You are absolutely correct that some sort of expansion layer between the dome and the outer final coating is essential to eliminate cracking. The dome IS going to expand upon firing and if there is no flexing material between the dome and the outer layer...well, you will have cracks appear in the outer layer. Perlite and vermiculite insulating concrete mixes are soft and provide a bit of cushion to absorb the expansion. I'm not sure if your insulation material will have the same property. Putting a thin layer of fiberglass insulation over the dome and then adding your insulating concrete would work to create an expansion space and should work to protect your outside render.

    The problem is that you need to let the moisture contained in your build escape during the curing process...and it's going to take more time than you've got remaining. Even though the current recommendation for the curing process is to put on the outer insulation batting (or insulated cement) first, in your case going slowly through the curing process for your remaining time is your best option (IMHO). Then, cover your dome and leave instructions for the next occupant to uncover and "be gentle" (or Do Not Touch! ). When you return, you can complete the outer insulation, proper "repeated" curing, and final outside render. You certainly can use the retained heat of your oven during the partial curing process for some good eats before you go......and the thought of your first pizza next stay will carry you through.

    p.s. I used aluminum foil and diatomaceous earth between my dome and perlcrete outer insulation layer. The foil used to be recommended to add "slip" between the dome and the outer rigid insulation layer. The diatomaceous earth was used to "fill-in" minor cracks and provide a little expansion...again, old school method.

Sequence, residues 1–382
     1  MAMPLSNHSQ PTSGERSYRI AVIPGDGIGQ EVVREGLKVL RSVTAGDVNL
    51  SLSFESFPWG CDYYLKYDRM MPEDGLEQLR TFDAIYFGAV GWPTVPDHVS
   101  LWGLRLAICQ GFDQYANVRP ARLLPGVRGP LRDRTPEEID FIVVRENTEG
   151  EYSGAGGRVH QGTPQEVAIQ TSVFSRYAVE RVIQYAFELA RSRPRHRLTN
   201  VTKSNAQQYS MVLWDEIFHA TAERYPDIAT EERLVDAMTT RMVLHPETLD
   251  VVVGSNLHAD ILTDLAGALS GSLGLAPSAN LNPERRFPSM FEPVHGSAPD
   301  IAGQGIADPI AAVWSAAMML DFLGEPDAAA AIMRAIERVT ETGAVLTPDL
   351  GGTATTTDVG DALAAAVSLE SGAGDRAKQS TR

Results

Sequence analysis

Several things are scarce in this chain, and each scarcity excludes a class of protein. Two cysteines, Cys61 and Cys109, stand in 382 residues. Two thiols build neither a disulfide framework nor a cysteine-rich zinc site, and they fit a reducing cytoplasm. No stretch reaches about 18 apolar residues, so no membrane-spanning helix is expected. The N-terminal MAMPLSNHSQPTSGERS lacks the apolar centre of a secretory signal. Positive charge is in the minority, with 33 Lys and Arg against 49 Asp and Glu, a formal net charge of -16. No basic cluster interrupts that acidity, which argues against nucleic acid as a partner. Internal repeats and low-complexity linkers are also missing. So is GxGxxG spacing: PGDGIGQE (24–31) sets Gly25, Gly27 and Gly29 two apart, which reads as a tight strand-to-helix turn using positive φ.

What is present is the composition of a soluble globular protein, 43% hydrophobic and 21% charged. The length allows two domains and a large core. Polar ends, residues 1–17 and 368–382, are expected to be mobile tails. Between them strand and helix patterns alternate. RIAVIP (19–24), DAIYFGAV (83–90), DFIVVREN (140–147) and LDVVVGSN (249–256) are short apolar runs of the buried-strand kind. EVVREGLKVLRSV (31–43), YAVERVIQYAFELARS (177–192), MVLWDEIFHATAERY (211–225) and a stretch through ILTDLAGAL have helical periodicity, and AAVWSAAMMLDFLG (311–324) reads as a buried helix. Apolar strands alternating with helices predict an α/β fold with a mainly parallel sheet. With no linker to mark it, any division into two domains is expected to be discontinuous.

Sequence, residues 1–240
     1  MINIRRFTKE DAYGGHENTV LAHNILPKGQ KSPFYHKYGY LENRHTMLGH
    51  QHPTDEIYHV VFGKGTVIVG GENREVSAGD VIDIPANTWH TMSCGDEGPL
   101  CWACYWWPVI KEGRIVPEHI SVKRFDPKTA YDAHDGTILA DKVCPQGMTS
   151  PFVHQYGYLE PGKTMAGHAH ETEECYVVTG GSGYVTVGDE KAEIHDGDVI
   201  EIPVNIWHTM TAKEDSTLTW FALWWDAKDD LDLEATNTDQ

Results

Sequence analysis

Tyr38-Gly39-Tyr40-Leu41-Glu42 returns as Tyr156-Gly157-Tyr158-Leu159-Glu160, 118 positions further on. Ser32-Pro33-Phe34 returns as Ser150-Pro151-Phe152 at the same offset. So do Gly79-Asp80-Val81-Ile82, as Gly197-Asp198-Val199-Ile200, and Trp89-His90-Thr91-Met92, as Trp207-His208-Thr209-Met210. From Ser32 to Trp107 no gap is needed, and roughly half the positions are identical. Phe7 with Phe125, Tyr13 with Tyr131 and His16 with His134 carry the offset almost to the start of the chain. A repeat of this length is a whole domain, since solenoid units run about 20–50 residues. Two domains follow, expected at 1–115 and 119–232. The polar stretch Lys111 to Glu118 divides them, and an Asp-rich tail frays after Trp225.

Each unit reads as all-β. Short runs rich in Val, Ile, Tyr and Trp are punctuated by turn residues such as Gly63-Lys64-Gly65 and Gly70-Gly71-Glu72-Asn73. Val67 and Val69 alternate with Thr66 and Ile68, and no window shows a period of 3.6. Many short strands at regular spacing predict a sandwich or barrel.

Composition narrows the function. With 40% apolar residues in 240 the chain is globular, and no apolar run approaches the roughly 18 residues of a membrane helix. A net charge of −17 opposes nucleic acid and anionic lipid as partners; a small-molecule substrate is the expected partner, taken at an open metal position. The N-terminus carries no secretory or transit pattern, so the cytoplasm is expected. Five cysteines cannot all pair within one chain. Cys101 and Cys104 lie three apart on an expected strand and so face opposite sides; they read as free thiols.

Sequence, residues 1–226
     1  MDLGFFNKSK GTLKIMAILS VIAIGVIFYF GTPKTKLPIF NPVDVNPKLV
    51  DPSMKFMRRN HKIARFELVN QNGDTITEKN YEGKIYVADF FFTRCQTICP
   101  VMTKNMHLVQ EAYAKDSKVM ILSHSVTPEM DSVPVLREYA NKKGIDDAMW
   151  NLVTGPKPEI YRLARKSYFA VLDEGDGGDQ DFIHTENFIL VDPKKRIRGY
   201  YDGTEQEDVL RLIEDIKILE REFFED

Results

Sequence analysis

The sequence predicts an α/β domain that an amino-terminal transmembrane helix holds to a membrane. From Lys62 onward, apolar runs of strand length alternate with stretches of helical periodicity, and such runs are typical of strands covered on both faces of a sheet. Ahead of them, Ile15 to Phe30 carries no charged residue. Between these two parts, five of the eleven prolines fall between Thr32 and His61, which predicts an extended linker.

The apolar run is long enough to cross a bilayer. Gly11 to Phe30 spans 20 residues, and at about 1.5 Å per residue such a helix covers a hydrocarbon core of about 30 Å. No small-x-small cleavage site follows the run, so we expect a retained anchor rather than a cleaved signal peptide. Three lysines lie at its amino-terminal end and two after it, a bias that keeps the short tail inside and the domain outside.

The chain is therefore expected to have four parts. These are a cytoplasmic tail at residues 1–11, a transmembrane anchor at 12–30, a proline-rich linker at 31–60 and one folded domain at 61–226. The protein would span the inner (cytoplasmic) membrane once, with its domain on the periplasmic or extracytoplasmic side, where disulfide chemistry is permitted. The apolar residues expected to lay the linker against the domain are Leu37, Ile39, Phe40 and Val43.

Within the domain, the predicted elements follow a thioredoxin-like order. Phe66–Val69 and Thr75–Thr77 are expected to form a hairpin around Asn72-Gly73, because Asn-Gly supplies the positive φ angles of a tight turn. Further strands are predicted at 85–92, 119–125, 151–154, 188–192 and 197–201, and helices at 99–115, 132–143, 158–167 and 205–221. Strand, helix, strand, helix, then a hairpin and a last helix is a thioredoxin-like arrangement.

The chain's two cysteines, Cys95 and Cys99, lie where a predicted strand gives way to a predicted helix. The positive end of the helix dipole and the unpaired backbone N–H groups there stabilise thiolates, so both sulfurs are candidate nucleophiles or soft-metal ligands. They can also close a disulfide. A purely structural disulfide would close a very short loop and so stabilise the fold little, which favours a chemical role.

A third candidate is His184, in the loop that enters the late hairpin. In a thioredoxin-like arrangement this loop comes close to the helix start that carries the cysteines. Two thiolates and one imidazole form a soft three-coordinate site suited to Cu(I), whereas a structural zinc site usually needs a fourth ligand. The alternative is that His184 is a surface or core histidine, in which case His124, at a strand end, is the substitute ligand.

Last edited by SableSprings; 03-12-2019, 10:47 AM.

    Leave a comment:


  • Fstein
    replied
    Some more questions regarding the insulation:
    Should I use some glass fiber isolation instead of ceramic fiber?
    I am a little uncertain about this, as I will not build a roof over the oven and I am afraid that the mat might soak and hold water when the oven is not in use.

    Is lime recommended in the cement mix for the insulation? What ratio is good?

    Another concern I am having is thermal expansion. With a fibrous isolation of some sort, there is room to absorb the expansion of the dome.
    With the concrete mixture isolation, there is a rigid compound from the inside of the dome to the outside. Will this increase the risk of cracks?

    I hope to do this step soon, so every little comment helps me a lot.

    Thanks!
    Last edited by Fstein; 03-12-2019, 03:44 AM.

    Leave a comment:


  • Fstein
    replied
    Some more pictures
    Attached Files

    Leave a comment:

Working...
X